Why We Observe Global Youth Traffic Safety Month

April 29, 2019 | by BMI Staff

You know an issue is prevalent when an entire month is dedicated to its awareness. May is Global Youth Traffic Safety Month, which is a long-winded phrase that highlights the hazards associated with youthful driving. Car accidents are the number one cause of death for teens in the U.S. In fact, teens are involved in “three times as many fatal crashes as all other drivers,” according to the National Highway Traffic Safety Administration. With such dismal statistics, it is easy to reach for your child’s keys and lock them away until he or shis 25. The real solution, however, is to involve youthful drivers in tackling this issue. 

The purpose of this month is both to raise awareness for the issue and empower youthful drivers. There are many researched solutions that would, if put into effect, lower the number of youthful traffic accidents. Dr. Hans-Yngve Berg, a Driver Education Expert, proposes communication campaigns as the first accident-reducing tactic. Communication would, according to Berg, be most effective when employing persuasion and emotion, while targeting either gender based on specific driving behaviors (Berg, 2006). Involving teens in these conversations and exposing them to communication-based resources will likely encourage them to drive more safely on the road.  

Economic incentives have also been shown to encourage good driving behavior in teens. Examples include being offered a lower insurance premium based on good driving. BMI offers several incentivizing discounts to youthful drivers to encourage a shift in the accident report count. We offer discounts on policies that remain claims free for at least three years, drivers who receive a 3.0 GPA or higher in school, and drivers who have taken a driving safety course. These discounts may either be applied to your policy individually, or you may qualify for several to earn even more savings.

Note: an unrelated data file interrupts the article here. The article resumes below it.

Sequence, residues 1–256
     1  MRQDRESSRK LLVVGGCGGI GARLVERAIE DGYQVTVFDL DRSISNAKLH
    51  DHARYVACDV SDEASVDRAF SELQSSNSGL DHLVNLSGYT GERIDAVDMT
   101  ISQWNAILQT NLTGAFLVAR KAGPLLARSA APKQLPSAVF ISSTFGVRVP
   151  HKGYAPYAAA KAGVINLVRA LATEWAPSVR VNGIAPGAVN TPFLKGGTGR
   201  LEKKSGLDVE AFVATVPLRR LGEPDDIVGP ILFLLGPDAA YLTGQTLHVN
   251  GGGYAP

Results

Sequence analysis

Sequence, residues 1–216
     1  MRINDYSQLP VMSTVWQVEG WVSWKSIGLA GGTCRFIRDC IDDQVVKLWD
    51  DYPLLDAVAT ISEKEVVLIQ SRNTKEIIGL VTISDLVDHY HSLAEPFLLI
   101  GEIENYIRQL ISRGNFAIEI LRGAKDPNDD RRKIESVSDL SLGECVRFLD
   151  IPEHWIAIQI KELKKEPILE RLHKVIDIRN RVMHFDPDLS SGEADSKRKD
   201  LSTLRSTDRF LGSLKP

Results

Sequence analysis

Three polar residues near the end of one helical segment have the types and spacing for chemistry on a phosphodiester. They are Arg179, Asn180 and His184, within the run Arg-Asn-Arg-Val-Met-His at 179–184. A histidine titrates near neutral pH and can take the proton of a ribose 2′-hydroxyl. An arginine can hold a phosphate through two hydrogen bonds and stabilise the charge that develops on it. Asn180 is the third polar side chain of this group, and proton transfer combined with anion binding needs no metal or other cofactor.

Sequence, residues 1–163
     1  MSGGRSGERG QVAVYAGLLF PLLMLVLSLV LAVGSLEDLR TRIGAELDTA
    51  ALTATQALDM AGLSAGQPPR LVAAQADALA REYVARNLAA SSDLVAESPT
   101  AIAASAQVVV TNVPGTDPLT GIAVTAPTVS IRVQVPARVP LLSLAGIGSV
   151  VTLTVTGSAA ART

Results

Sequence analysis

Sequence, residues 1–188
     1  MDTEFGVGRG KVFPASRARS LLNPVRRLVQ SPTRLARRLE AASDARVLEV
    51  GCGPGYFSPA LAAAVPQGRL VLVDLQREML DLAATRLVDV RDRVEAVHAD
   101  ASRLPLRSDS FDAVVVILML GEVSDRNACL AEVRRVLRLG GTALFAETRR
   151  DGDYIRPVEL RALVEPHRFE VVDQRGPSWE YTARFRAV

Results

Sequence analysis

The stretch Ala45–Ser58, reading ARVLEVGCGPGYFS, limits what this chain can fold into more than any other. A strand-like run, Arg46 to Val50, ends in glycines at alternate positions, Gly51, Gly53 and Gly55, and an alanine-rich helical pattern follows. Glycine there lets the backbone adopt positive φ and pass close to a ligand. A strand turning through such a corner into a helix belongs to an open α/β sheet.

3 Practical Tips for Reducing Youthful Driving Danger 

  1. Never use a cell phone while driving. 
    Download an app that prevents cell-phone use while your car is in motion. Pull over to make phone calls and respond to texts. Check out this guide listing the top-rated road safety apps.
  2. Never drink before driving a car. 
    If you are a parent, make sure your child feels comfortable calling you when they need a ride, as opposed to the very dangerous alternative.
  3. Avoid driving at night.
    Keep your eye on the clock whenever you’re away from home. Give yourself enough time to get back before the sun goes down. Driving at night is more dangerous for all ages, but the risks are heightened for youthful drivers. 

While being a youthful driver does carry with it the burden of scary statistics, it certainly doesn’t mean your ending has already been written. The best way to overcome negative odds is to diligently and consistently work to counteract them. If you are a young driver, your biggest threat on the road is yourself. Avoid distractions as best you can by putting down the phone, creating a few rules for your passengers, and never, ever drive under the influence.


  1. Berg, H. (2006). Reducing crashes and injuries among young drivers: What kind of prevention should we be focusing on? US National Library of Medicine National Institutes of Health, 12(Suppl_1), I15-I18. doi:10.1136/ip.2006.012062